With more and more food stores, from hypermarket barns to our neighbourhood delicatessen, most times now stocking Duck or Goose fat and some even stocking Italian Lardo, a third option is missing. It’s where we should go next.

Recent medical research has shown that lard has two-thirds lower cholesterol than butter and higher oleic acid than both sunflower and corn oil. Apart from heightening the taste sensations, well made pure lard can actually ward off heart problems. This I’ve heard preached across gastronomic Europe for at least three decades – only in England, where the lard on sale is mostly an unpleasant cheap fat, has the message yet to get through. I write about the lard that is an entirely natural food made from the slow rendering of fresh back fat from well reared pigs.

Sunday morning pre-lunch drinks in parts of Austria and Germany has the purest lard – called Schmaltz – being offerred along with either beer or wine. It’s probably the same on other days but it’s Sundays I so fondly remember in Vienna and elsewhere.

Spread most times on Rye bread, this Schmaltz is often flavoured with onion, apple, plum, cracklings and more exotic tastes like tomato and basil, pumpkin and paprika, and, my favourite, seasonal wild, woodland garlic. It is cut into small, bite sized pieces and enjoyed by all, especially this writer.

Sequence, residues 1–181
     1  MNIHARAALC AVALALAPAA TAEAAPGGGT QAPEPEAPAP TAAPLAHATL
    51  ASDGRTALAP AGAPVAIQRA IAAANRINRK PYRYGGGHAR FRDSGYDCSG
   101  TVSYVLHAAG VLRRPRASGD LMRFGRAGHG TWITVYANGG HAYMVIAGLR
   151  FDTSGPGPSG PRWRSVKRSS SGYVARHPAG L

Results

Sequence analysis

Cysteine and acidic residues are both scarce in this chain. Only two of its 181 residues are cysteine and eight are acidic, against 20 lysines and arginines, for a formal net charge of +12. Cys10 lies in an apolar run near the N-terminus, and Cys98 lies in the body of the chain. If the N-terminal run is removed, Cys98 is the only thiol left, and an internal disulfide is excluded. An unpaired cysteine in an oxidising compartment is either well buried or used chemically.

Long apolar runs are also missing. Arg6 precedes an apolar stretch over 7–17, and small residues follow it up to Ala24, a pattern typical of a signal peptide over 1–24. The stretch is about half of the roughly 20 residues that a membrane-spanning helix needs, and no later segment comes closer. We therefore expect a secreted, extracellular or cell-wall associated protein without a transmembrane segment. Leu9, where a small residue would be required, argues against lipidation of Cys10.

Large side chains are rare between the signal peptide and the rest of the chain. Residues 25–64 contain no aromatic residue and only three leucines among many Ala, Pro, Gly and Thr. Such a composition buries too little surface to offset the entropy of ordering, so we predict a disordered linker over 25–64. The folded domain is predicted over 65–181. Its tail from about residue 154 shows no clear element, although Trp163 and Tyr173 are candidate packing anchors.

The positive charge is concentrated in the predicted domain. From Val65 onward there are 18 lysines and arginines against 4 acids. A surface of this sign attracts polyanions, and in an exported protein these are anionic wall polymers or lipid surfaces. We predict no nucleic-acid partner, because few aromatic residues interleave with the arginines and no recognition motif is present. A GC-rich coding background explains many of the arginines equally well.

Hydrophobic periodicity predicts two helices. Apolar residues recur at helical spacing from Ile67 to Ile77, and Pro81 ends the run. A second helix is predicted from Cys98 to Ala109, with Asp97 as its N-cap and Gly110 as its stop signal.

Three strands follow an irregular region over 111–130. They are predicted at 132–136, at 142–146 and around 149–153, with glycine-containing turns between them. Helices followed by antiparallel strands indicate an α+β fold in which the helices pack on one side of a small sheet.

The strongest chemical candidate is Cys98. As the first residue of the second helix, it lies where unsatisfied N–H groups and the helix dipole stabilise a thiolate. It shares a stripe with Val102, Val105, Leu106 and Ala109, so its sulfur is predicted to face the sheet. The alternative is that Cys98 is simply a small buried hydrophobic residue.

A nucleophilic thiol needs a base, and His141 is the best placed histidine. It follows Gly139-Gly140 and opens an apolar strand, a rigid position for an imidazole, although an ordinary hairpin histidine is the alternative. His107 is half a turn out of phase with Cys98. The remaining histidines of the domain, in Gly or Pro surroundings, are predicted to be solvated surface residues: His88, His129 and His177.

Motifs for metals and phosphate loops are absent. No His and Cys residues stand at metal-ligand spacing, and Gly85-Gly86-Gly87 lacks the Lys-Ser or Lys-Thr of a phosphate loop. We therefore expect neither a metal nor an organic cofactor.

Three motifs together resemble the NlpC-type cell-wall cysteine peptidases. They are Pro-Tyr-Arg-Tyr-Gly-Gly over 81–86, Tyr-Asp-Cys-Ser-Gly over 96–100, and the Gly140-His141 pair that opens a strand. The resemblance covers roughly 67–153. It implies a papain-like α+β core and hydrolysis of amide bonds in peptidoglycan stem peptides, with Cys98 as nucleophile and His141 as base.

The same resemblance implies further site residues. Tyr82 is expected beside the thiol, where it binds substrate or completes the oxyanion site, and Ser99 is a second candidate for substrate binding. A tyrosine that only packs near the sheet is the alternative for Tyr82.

Such food and presentation has a history goes back when pigs were slaugthered each Autumn and nothing would be wasted bar the squeak. Where else did Fergus Henderson’s ‘Nose to Tail’ dining originate at the game-changing St Johns Restarant? (Read our interview with him in the Spring edition of In Search of Taste).

Schmaltz is quite simply the rendered back fat from the pig – nothing more, nothing less. One Austrian company I’ve met source their fresh back fat from around Parma and Modena – Italy’s famed pig rearing and salumi producing areas – where locals tell you “quando il sapore e un’arte” (“when flavour becomes an art form”).

Erase from your mind please any reference to ‘schmaltzy’ – the Broadway Americanism for over sentimentality or corniness. The schmaltz would be chicken fat, given its root – it could hardly be lard from a pig.

This is simple food, with the taste and nutrition being the benefit of the immaculate attention to detail in the making. A by-product is the equally delicious knusper grammelin – directly and amusingly translating as ‘crunchy cracklings’ – coming from the gentle and slow rendering process.

Most Austrians agree that schmaltz is best enjoyed spread on thin sliced Roggen Brot (their traditional sourdough ryebread). Sourdough is of course free from added yeast – so thumbs up once more. Along with the Finns, Austrians are very aware of our over consumption of wheat, preferring Rye for its health properties and with good taste balancing the equation.